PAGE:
Author(s): Karen Borgonovo [*] aff1 , Fausto Petrelli aff1 , Mary Cabiddu aff1 , Mara Ghilardi aff1 , Andrea Coinu aff1 , Silvia Seghezzi aff2 , Sandro Barni aff1
breast cancer; chemotherapy; eribulin
Breast cancer is the most common cancer in women. Thanks to improved detection and treatment, the incidence of breast cancer-related deaths in the USA and parts of Europe has declined during the last 25 years [1 ]. However, it is important to note that patients' treatment and survival is markedly influenced by the stage of the tumor, and that the development of metastatic disease will occur in a third of patients diagnosed with early stage disease [2 ]. Metastatic breast cancer (MBC) is not curable today and is associated with poor prognosis and a median overall survival of 23-31 months [3 ].
Currently available therapies mainly focus on symptom control and minimization of toxicities, with the aim of extending patients' survival and maintaining quality of life during treatment. One of the crucial elements to select the most appropriate treatment is represented by tumor genotype status in terms of presence of hormone receptors and overexpression of the HER2 gene.
Patients with MBC often receive systemic chemotherapy, which is particularly important especially in patients with hormone refractory, hormone receptor-negative or rapidly progressing metastatic disease [2,4 ]. Two of the main chemotherapy agents used as (neo)adjuvant or first-line metastatic treatment are taxanes and anthracyclines, which are unfortunately associated with frequent development of drug resistance upon tumor recurrence. Studies have reported that patients can benefit from third-line treatments as it can extend the time of disease control [5 ].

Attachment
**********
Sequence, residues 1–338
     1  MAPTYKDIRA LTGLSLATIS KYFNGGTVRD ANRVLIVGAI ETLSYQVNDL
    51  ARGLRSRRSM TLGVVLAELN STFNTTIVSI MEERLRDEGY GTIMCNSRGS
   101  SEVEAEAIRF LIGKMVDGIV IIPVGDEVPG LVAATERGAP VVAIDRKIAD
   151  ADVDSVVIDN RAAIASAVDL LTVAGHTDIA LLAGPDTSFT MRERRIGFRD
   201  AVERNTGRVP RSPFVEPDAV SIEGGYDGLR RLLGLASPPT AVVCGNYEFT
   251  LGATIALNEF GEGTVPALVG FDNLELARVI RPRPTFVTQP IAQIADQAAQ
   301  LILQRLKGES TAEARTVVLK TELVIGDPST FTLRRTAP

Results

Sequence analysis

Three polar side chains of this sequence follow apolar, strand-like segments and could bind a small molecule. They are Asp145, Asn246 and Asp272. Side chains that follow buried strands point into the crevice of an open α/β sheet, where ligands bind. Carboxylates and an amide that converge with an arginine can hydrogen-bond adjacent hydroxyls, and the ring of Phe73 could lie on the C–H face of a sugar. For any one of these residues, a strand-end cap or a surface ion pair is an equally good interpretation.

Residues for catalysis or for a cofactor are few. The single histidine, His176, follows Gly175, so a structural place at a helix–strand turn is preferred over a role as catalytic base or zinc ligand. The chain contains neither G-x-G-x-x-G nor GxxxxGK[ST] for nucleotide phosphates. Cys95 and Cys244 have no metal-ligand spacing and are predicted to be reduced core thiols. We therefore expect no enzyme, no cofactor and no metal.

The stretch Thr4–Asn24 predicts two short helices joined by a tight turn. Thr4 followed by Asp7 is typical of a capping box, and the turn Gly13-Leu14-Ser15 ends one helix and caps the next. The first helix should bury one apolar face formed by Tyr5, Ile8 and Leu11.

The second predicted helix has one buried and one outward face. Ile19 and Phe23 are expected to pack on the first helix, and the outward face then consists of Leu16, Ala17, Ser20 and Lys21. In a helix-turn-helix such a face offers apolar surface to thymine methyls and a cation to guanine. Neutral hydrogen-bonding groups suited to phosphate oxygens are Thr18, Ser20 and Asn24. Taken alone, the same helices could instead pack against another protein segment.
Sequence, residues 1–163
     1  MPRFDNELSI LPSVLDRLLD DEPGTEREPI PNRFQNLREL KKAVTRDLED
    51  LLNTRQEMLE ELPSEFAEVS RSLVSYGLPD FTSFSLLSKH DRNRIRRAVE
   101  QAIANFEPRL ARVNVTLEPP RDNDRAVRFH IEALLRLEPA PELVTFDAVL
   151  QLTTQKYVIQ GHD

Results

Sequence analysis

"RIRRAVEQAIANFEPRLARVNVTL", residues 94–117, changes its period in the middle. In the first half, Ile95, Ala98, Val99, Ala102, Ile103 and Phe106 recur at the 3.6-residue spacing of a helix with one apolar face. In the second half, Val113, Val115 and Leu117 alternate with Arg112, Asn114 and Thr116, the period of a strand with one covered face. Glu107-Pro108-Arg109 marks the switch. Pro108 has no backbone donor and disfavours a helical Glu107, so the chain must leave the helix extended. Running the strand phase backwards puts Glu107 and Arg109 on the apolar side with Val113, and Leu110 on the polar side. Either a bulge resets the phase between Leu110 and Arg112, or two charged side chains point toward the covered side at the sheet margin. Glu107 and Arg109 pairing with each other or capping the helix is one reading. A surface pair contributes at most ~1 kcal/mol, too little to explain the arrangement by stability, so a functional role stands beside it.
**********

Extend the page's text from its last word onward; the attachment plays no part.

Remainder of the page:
There is no standard regimen for patients with MBC who recur after treatment with anthracyclines and taxanes. However, several factors need to be taken into consideration to select the most appropriate treatment, such as pretreatment history, previous response, residual toxicity and tumor aggressiveness.
Other agents used in this setting of patients include capecitabine, eribulin and ixabepilone (approved by US FDA but not by EMA) [6-8 ]. It is also possible to retreat patients with an anthracycline (including liposomal doxorubicin) or taxane (including NAB-paclitaxel).
In particular, the mechanism of action of eribulin (Halaven® ; Eisai Inc., NJ, USA) is unique amongst other antimicrotubule agents [ 9,10 ], as it prevents microtubule growth by suppressing microtubule polymerization [10 ]. This action in turn sequester tubulin into unusual aggregates [ 10 ]. Further evidence on the use of eribulin in clinical practice appears necessary.
We report here the case of a patient who experienced a time to progression of several months with eribulin after three lines of chemotherapy and two lines of hormonal therapy.
A white Caucasian 59-year-old woman with no history of familiar breast carcinoma presented at our hospital after several months of occasional pain in the left breast. She was submitted to mammography, breast ultrasound and tru-cut biopsy of suspicious nodules (size 25 mm and 9 mm). The diagnosis was plurifocal invasive ductal carcinoma of the left breast. Other diagnostic examinations were done (bone scan, chest x-ray, chest CT scan, liver ultrasound). The...